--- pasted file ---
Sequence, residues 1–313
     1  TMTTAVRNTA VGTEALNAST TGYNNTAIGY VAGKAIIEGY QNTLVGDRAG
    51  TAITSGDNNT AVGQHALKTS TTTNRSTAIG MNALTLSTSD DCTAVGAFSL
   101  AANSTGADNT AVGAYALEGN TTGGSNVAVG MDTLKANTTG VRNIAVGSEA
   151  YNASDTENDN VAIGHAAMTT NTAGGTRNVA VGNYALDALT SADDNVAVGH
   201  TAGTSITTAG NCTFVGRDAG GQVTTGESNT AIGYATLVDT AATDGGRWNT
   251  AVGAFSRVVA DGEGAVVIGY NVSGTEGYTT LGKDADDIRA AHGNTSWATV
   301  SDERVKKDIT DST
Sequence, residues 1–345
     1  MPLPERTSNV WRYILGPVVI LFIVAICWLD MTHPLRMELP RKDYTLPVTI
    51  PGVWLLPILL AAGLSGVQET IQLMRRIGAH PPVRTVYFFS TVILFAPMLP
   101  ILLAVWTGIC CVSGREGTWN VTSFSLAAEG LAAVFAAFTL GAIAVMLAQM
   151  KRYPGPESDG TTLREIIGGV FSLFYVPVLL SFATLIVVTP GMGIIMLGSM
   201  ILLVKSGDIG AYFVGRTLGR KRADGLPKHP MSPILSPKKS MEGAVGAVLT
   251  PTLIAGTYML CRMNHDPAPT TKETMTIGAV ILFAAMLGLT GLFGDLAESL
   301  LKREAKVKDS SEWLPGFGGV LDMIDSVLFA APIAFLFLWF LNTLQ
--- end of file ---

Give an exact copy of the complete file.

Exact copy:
Sequence, residues 1–313
     1  TMTTAVRNTA VGTEALNAST TGYNNTAIGY VAGKAIIEGY QNTLVGDRAG
    51  TAITSGDNNT AVGQHALKTS TTTNRSTAIG MNALTLSTSD DCTAVGAFSL
   101  AANSTGADNT AVGAYALEGN TTGGSNVAVG MDTLKANTTG VRNIAVGSEA
   151  YNASDTENDN VAIGHAAMTT NTAGGTRNVA VGNYALDALT SADDNVAVGH
   201  TAGTSITTAG NCTFVGRDAG GQVTTGESNT AIGYATLVDT AATDGGRWNT
   251  AVGAFSRVVA DGEGAVVIGY NVSGTEGYTT LGKDADDIRA AHGNTSWATV
   301  SDERVKKDIT DST
Sequence, residues 1–345
     1  MPLPERTSNV WRYILGPVVI LFIVAICWLD MTHPLRMELP RKDYTLPVTI
    51  PGVWLLPILL AAGLSGVQET IQLMRRIGAH PPVRTVYFFS TVILFAPMLP
   101  ILLAVWTGIC CVSGREGTWN VTSFSLAAEG LAAVFAAFTL GAIAVMLAQM
   151  KRYPGPESDG TTLREIIGGV FSLFYVPVLL SFATLIVVTP GMGIIMLGSM
   201  ILLVKSGDIG AYFVGRTLGR KRADGLPKHP MSPILSPKKS MEGAVGAVLT
   251  PTLIAGTYML CRMNHDPAPT TKETMTIGAV ILFAAMLGLT GLFGDLAESL
   301  LKREAKVKDS SEWLPGFGGV LDMIDSVLFA APIAFLFLWF LNTLQ